Alex Oriakhi is vitally important and continually overlooked -- just like always
Oriakhi's an excellent offensive rebounder, and he gets those boards without fouling. That's huge. The world at large looks at Oriakhi and sees a player averaging seven points a game. I see a guy who pulls down 19 percent of his team's misses while he's on the floor. I also see a guy who's played 132 possessions of basketball this season and been whistled for just two fouls. Two! When you're this aggressive yet also invisible to referees, you are someone that any coach would kill to have. Don't make the mistake of overlooking Oriakhi.
Does Andre Drummond foul because he gets so few minutes, or does he get so few minutes because he fouls?
In August when Drummond decided to forego a final year of prep school and enroll at Connecticut, it was widely regarded as a very big deal. Now, after the freshman's first four college games as a bench player, we still can't quite tell whether this really will be a big deal. Certainly the 11-14 double-double that Drummond recorded in just 27 minutes against Maine was impressive. After that performance Calhoun was quoted as saying, "I'm not going to keep a guy with 11 offensive rebounds on the bench, that's for sure."
Yet when Coppin State came calling, there was Drummond on the bench again. Then when the 6-11 freshman did get in the game, he committed four fouls in just 12 minutes. On the season Drummond's averaging seven fouls per 40 minutes, and while of course that's high for any player it's particularly striking coming from a Jim Calhoun big man. UConn practically invented the "Big man who blocks shots and rebounds but doesn't foul" category. (Again, look at Oriakhi.) Maybe starting Drummond would assure him he doesn't have to force the action. Anyway, it's worth a try. In his very limited playing time Drummond's been even better on the offensive glass than Oriakhi, and he's also blocked 12 percent of the two-pointers opponents have attempted during his minutes. Then again I'm probably biased. If Drummond can't get more than 17 minutes a game I will definitely have to walk back that second-team All-American slot I had reserved for him.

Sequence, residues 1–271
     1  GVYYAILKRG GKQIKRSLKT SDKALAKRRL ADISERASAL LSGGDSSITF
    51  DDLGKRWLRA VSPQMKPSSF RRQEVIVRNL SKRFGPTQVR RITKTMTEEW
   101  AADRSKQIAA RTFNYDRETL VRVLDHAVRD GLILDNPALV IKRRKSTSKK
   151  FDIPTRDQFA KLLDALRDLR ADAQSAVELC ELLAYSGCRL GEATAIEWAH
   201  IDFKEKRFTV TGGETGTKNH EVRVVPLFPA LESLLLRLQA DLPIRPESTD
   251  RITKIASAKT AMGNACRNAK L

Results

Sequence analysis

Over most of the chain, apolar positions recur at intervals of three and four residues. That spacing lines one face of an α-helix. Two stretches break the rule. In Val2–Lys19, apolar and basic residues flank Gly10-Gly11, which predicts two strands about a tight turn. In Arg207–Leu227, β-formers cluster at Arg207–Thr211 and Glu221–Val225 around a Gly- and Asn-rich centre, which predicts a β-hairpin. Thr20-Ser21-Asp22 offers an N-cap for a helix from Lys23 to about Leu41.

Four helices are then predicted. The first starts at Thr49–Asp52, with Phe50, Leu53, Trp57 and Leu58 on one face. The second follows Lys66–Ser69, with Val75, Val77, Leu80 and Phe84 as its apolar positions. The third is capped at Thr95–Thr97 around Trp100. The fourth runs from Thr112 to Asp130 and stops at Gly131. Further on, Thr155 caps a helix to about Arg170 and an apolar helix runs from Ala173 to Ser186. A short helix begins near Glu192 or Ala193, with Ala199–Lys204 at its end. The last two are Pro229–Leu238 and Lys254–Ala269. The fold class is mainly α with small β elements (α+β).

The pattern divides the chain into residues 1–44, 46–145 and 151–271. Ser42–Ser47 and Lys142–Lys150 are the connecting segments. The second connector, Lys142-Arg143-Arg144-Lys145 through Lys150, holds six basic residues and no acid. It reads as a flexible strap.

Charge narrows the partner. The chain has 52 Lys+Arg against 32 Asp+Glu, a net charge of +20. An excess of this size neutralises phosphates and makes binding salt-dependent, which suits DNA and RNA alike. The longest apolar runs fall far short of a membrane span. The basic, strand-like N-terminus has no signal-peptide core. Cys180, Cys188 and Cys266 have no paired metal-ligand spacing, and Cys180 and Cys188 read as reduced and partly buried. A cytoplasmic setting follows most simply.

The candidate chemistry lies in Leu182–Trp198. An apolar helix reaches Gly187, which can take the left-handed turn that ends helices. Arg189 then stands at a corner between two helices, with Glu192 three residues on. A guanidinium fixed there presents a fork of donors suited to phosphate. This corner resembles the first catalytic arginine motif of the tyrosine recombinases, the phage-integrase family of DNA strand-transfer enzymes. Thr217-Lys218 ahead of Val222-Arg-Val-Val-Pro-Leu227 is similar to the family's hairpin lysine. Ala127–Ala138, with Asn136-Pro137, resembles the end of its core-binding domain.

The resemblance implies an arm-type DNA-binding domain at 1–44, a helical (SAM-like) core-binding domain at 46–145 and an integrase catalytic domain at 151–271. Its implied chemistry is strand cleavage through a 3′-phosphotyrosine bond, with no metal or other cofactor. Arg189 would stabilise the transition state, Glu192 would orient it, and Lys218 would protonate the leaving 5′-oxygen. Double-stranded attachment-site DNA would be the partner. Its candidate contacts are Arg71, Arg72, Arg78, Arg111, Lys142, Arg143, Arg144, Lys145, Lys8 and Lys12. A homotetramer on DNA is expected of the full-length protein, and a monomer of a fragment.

Oh, and get used to this win streak
The last time the Huskies lost a game was on March 5, when Notre Dame visited Gampel Pavilion in Storrs and came away with a 70-67 win. Since that day Calhoun's team has won 15 consecutive games, and that number could well get larger. This week UConn will play in the Battle 4 Atlantis tournament in the Bahamas, an event where the primary threat to the Huskies would figure to come from either Florida State or Harvard. If Lamb and company can pick up three wins there, it's not at all unlikely that they'll greet calendar 2012 still undefeated. Kemba Walker might be gone, but this new-look UConn team feels very familiar and traditional as they pile up the wins.
A version of this article originally appeared at ESPN Insider .
John Gasaway is an author of Basketball Prospectus.